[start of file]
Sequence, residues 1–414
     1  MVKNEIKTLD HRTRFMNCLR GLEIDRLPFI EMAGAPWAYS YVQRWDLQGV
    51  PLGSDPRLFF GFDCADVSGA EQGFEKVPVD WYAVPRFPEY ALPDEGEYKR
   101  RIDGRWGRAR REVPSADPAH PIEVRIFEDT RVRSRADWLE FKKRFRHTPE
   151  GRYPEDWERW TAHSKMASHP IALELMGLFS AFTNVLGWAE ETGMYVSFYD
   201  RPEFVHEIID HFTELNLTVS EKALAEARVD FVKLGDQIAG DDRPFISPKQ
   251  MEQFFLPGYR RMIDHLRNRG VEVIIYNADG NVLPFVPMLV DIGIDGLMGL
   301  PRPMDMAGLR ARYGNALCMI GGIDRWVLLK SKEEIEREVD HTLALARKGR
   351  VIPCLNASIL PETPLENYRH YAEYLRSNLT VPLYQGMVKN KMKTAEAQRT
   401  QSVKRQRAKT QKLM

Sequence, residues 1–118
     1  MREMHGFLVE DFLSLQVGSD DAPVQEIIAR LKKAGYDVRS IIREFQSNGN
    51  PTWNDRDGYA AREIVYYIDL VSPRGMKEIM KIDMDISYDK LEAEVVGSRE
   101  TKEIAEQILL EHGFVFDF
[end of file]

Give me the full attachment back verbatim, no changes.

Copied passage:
Sequence, residues 1–414
     1  MVKNEIKTLD HRTRFMNCLR GLEIDRLPFI EMAGAPWAYS YVQRWDLQGV
    51  PLGSDPRLFF GFDCADVSGA EQGFEKVPVD WYAVPRFPEY ALPDEGEYKR
   101  RIDGRWGRAR REVPSADPAH PIEVRIFEDT RVRSRADWLE FKKRFRHTPE
   151  GRYPEDWERW TAHSKMASHP IALELMGLFS AFTNVLGWAE ETGMYVSFYD
   201  RPEFVHEIID HFTELNLTVS EKALAEARVD FVKLGDQIAG DDRPFISPKQ
   251  MEQFFLPGYR RMIDHLRNRG VEVIIYNADG NVLPFVPMLV DIGIDGLMGL
   301  PRPMDMAGLR ARYGNALCMI GGIDRWVLLK SKEEIEREVD HTLALARKGR
   351  VIPCLNASIL PETPLENYRH YAEYLRSNLT VPLYQGMVKN KMKTAEAQRT
   401  QSVKRQRAKT QKLM

Sequence, residues 1–118
     1  MREMHGFLVE DFLSLQVGSD DAPVQEIIAR LKKAGYDVRS IIREFQSNGN
    51  PTWNDRDGYA AREIVYYIDL VSPRGMKEIM KIDMDISYDK LEAEVVGSRE
   101  TKEIAEQILL EHGFVFDF